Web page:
REFERENCES

SPECIES: Gymnocarpium dryopteris
REFERENCES :

 1.  Alaback, Paul B. 1982. Dynamics of understory biomass in Sitka spruce-western hemlock forests of southeast Alaska. Ecology. 63(6): 1932-1948.  [7305]

 2.  Almack, Jon. 1986. Grizzly bear habitat use, food habits, and movements in the Selkirk Mountains, northern Idaho. In: Contreras, Glen P.; Evans, Keith E., compilers. Proceedings--grizzly bear habitat symposium; 1985 April 30 - May 2; Missoula, MT. Gen. Tech. Rep. INT-207. Ogden, UT: U.S. Department of Agriculture, Forest Service, Intermountain Research Station: 150-157.  [10815]

 3.  Bernard, Stephen R.; Brown, Kenneth F. 1977. Distribution of mammals, reptiles, and amphibians by BLM physiographic regions and A.W. Kuchler's associations for the eleven western states. Tech. Note 301. Denver, CO: U.S. Department of the Interior, Bureau of Land Management. 169 p. [434]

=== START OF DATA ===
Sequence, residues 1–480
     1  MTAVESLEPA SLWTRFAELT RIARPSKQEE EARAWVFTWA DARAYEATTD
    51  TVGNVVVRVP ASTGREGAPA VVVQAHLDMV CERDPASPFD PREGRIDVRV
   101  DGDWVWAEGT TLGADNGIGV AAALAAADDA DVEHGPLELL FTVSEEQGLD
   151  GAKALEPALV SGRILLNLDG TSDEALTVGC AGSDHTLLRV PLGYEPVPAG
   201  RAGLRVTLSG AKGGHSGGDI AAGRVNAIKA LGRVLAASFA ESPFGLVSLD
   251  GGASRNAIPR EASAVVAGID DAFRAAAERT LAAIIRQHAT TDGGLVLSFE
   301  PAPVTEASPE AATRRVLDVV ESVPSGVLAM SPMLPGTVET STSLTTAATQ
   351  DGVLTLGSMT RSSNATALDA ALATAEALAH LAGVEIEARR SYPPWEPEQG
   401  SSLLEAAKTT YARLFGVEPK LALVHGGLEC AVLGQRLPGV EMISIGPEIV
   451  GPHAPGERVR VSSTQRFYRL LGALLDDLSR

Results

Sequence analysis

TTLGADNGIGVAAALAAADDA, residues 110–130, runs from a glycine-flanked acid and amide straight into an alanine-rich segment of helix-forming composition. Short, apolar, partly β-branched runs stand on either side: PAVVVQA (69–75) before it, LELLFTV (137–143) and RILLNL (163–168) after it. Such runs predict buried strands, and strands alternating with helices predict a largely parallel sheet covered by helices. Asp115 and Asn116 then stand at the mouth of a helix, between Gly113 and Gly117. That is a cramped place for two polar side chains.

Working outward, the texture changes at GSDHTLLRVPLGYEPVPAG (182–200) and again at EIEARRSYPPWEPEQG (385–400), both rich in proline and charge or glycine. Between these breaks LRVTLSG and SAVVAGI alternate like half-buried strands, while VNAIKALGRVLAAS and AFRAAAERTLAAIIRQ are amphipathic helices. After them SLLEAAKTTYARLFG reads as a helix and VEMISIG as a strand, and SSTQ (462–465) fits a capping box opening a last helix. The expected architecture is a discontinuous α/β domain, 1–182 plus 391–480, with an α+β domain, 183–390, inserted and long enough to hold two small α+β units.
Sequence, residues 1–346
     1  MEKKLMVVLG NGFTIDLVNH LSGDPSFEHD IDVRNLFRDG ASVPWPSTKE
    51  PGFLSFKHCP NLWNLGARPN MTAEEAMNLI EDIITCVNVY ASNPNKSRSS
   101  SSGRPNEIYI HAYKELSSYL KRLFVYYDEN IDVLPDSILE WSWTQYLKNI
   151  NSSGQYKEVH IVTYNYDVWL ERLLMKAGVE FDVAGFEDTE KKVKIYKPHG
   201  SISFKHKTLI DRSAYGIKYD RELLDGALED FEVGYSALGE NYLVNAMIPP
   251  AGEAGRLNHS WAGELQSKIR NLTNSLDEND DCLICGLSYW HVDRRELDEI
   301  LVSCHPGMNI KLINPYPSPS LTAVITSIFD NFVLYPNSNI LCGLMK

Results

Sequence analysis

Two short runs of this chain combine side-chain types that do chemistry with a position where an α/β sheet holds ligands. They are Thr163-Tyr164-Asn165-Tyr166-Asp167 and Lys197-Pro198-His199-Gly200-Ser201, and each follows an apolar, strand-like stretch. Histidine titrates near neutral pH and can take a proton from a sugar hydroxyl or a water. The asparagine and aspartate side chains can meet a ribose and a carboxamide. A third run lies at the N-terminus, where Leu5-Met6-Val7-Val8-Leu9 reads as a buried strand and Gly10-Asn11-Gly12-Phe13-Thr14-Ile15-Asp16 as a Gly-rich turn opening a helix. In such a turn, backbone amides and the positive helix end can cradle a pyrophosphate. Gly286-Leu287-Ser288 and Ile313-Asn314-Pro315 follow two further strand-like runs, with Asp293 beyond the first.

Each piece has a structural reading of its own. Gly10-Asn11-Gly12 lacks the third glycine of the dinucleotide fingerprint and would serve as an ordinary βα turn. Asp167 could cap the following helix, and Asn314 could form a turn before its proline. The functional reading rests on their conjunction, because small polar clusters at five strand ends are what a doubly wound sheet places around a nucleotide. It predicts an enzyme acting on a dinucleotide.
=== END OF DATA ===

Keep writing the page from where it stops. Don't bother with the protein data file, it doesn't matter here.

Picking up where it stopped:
4.  Boggs, Keith; Hansen, Paul; Pfister, Robert; Joy, John. 1990. Classification and management of riparian and wetland sites in northwestern Montana. Missoula, MT: University of Montana, School of Forestry, Montana Forest and Conservation Experiment Station, Montana Riparian Association. 217 p. Draft Version 1.  [8447]

 5.  Caza, C, L.; Kimmins, J. P. 1990. Problems with the development and application of competition indices in complex, multispecies communities. In: Hamilton, Evelyn, compiler. Vegetation management: An integrated approach--Proceedings of the 4th annual vegetation management workshop; 1989 November 14-16; Vancouver, BC. FRDA Report 109. Victoria, BC: Ministry of Forests, Research Branch: 30-32.  [10950]

 6.  Cody, William J.; Britton, Donald M. 1989. Ferns and fern allies of Canada. Ottawa, ON: Agriculture Canada, Research Branch. 430 p.  [13078]